To ensure that the expansionary effect of reforms dominates in the short run, both the sequencing of reforms and the policy mix matter. As regards sequencing, research has shown that outcomes may be better if product market reforms precede labour market reforms[10] and if product market reforms focus on reducing entry barriers in service sectors with large pent-up demand.[11] As regards the policy mix, if there is fiscal space, IMF research[12] has underscored the beneficial effects of carefully designed fiscal packages which can overcompensate for the short-run cost of reforms.

Second, the distributional effects of reforms. That growth is not necessarily distribution-neutral already drew some attention towards the end of the 1960s. The macroeconomic disruption that followed the oil crisis of the mid-1970s, however, completely overshadowed distributional issues, as research priorities shifted towards macroeconomic stabilisation and structural adjustment of inefficient economies.[13]

Recent experience and research have however shown that growth is actually more difficult to achieve without equity.[14] Moreover, highlighting the benefits of reforms in terms of macroeconomic growth is not enough to make them socially acceptable.[15] The distributional costs of reforms have triggered heated debates and in some quarters the term “structural reforms” is even perceived as “toxic”.[16]

The feeling that growth in recent years has become less inclusive is borne out by the data. Income inequality in OECD countries stands at a historical high and household disposable incomes across most euro area countries remain below pre-crisis levels, especially for the poorest members of society. Social transfers continue to play an important role in dampening the effects of inequality, although they have become less effective since the mid-1990s.[17]

In such an environment, we must ensure that the distributional impacts of reforms are not ignored. One way to do this in practice is to focus on reforms that entail a double dividend: increasing equity while lifting growth. Examples include measures that facilitate the accumulation of human capital, reduce labour market dualism or abolish product market regulations that stifle competition.[18] Back in 2006, the Lisbon Council think tank[19] already flagged the importance of raising and enhancing human capital in its policy brief “Innovation at Work: The European Human Capital Index”. In particular with “routine-biased technological change” increasingly permeating and transforming the world of work, high-quality education and training systems are vital to ensure that workers can withstand the disruption caused by this change and benefit from it. Another way to account for the distributional impacts of reforms is – for those reforms that have unavoidable negative distributional costs – to work out “smart redistribution” packages. Smart redistribution does not necessarily take the form of a fiscal transfer. What laid-off workers most want is to have a new job. Hence public policies could focus on helping people back into work, and into jobs where they can develop and refine their skills.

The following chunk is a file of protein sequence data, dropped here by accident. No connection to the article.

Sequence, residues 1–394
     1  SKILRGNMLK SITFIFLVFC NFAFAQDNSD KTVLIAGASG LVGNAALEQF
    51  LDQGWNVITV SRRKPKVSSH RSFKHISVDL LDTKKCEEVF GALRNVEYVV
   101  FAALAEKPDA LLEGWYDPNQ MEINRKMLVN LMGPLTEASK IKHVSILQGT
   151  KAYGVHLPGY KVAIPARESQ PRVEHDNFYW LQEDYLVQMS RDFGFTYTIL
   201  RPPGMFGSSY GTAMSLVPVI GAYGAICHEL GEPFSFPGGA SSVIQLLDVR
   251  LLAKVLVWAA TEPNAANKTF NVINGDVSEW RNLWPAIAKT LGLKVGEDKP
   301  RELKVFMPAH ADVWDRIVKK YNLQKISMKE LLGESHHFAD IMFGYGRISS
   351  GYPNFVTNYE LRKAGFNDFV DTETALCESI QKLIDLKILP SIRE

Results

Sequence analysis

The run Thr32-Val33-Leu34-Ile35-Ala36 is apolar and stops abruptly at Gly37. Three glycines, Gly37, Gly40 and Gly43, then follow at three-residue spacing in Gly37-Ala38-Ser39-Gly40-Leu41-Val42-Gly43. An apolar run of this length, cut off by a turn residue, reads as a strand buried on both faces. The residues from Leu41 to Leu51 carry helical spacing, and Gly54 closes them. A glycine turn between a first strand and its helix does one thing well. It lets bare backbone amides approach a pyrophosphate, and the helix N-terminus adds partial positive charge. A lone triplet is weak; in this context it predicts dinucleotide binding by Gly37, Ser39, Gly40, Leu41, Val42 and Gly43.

Finally, the third dimension relates to the scope of the reform agenda. Structural reforms should not be limited to product and labour market reforms. Strong institutions and a well-functioning financial sector at national and euro area level are necessary conditions to ensure that the impact of other reforms actually materialises. Our reform agenda should be sufficiently broad and tackle the binding constraints in the economy. This requires country-specific and country-tailored solutions which allow each Member State to find and exploit their comparative advantages in the Single Market.[20] But it does not mean that countries can reform independently of each other.